The History of Avis

Wednesday’s NYT had an utterly hysterical tale of the history of the Avis saga, by Michael Kinsley. Here’s an excerpt:

"Since 1946, Avis has been sold or reorganized 17 or 18 times,
depending on how you count. Each time Avis changed hands or structure,
there have been fees for bankers and fees for lawyers, bonuses for the
top executives and theories about why this was exactly what the company
needed.

In 1972, ITT spun off Avis as a publicly traded company. Then, in
1977, the company was bought by another giant conglomerate, Norton
Simon. In 1983, a company called Esmark (formerly Swift & Co.)
bought Norton Simon.

In 1984, Esmark was bought by Beatrice Foods, and
in 1986, Beatrice was bought by the leveraged buyout firm Kohlberg
Kravis Roberts & Company. Kohlberg Kravis Roberts immediately sold Avis to an investment group
called Wesray. Wesray sold Avis’s fleet leasing business to a company
called PHH Group. Then it spun off Avis’s foreign operations and took
them public as a company called Avis Europe P.L.C. And then, in 1987,
Wesray sold Avis to its employees under an employee stock ownership
program. Wesray more than tripled its money in 14 months.

Two years after the stock ownership deal, the company sold General
Motors a complicated security that effectively gave it a 26 percent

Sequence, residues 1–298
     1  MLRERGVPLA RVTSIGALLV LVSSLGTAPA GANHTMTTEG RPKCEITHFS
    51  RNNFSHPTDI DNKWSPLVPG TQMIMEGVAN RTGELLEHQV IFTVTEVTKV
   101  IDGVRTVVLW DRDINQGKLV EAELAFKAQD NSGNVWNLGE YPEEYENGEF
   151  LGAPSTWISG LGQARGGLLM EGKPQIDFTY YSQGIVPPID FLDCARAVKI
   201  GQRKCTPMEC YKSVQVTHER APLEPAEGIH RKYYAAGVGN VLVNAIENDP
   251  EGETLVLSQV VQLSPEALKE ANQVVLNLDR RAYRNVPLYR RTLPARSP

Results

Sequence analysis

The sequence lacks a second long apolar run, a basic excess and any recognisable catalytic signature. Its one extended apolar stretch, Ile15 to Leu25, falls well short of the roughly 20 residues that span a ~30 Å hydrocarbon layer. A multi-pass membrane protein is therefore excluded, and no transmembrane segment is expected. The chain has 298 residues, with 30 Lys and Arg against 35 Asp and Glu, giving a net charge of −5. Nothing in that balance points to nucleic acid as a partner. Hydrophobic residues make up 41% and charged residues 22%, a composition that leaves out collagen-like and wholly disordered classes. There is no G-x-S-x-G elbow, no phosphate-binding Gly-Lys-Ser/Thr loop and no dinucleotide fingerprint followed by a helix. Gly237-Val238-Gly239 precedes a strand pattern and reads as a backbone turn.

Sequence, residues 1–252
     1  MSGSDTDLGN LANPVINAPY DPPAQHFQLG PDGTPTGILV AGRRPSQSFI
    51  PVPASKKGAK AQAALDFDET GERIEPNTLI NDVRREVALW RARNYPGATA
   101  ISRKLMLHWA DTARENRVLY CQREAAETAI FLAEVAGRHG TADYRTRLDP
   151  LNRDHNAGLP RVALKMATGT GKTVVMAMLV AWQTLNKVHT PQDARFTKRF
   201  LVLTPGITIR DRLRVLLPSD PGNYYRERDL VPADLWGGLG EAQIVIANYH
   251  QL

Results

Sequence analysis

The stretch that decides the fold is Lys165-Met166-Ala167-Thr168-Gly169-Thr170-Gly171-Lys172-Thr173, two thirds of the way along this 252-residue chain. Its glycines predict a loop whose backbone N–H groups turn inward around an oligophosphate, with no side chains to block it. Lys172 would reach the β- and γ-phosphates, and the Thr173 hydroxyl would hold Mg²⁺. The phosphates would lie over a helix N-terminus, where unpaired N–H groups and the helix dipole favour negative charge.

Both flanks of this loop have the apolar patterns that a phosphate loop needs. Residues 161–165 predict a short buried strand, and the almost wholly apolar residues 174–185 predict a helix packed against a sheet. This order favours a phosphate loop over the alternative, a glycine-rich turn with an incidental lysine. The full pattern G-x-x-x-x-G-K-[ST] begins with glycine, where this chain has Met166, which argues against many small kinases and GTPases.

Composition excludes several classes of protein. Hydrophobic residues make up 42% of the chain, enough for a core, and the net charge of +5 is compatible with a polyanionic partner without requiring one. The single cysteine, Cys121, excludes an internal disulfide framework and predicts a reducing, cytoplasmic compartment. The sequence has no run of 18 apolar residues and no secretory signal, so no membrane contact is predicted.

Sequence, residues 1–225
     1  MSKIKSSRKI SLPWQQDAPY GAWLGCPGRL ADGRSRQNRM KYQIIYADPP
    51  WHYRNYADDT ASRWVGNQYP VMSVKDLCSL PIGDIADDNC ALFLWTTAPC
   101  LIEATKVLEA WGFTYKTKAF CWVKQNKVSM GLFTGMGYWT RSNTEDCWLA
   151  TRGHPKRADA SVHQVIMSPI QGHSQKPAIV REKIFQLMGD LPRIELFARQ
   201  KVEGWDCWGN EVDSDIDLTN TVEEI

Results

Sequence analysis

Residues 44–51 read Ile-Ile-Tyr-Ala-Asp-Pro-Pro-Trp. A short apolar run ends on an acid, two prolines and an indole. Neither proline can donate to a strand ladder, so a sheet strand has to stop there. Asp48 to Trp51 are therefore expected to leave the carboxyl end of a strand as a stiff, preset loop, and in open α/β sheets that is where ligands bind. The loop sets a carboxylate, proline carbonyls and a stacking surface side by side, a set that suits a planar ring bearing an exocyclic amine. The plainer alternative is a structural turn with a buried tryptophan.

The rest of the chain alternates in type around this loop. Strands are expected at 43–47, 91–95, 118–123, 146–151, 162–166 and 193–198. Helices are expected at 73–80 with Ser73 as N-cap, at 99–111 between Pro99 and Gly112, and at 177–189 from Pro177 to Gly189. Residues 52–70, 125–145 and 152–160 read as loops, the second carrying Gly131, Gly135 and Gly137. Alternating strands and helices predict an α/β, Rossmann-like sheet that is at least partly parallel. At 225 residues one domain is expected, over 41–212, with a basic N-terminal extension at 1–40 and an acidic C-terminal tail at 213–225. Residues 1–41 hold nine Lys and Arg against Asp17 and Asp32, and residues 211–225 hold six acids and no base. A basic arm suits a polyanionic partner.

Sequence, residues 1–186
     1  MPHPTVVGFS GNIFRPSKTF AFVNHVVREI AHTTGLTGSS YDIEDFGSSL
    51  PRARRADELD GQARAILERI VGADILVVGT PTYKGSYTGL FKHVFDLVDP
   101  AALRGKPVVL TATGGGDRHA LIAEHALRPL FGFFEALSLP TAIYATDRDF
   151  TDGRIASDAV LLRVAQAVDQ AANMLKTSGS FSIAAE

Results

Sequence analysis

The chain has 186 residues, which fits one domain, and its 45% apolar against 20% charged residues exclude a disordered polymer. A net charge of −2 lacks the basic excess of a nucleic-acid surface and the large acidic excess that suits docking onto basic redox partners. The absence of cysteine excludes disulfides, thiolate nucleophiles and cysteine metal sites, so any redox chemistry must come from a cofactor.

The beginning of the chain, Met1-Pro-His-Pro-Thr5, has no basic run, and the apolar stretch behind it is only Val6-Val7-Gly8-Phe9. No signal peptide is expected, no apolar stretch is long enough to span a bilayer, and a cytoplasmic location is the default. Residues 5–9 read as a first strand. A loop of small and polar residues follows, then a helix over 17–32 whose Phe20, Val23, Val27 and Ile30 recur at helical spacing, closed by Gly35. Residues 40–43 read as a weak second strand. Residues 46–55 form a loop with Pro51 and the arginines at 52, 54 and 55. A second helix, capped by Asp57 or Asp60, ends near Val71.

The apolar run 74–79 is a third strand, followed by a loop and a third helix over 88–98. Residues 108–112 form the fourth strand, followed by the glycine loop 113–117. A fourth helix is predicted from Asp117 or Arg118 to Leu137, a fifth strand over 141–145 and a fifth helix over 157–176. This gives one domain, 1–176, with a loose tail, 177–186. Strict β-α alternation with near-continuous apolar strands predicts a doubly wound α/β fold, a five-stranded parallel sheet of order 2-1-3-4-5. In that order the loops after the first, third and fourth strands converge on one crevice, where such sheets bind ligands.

stake in Avis. Apart from that, Avis’s employee ownership experiment
lasted nine years, until 1996, when Avis sold itself to a company
called HFS. Employees got an average of $26,000 each. Eighty or 90
current and former Avis executives got an average of $1.75 million
each.

A year later, in 1997, HFS took Avis public. (The initial public
offering raised just over $330 million. The banker Bear Stearns charged
$15 million for its services.) In 1999, Avis bought PHH. Remember PHH?
That was the company Avis sold its fleet leasing operation to in 1987.
PHH was owned by Cendant, a company that had been formed in 1997 by the
merger of HFS — right, the company that had spun off Avis in 1997 — and
another company called CUC. HFS had retained 19 percent of the
company’s stock when it took Avis public. With the stock portion of
Avis’s purchase price for PHH, Cendant now owned 34 percent of Avis…"

They try harder cause they have to!

>

Source:
We Try Harder (but What’s the Point?)
Michael Kinsley
NYTimes, May 16, 2007
http://www.nytimes.com/2007/05/16/opinion/16kinsley.html

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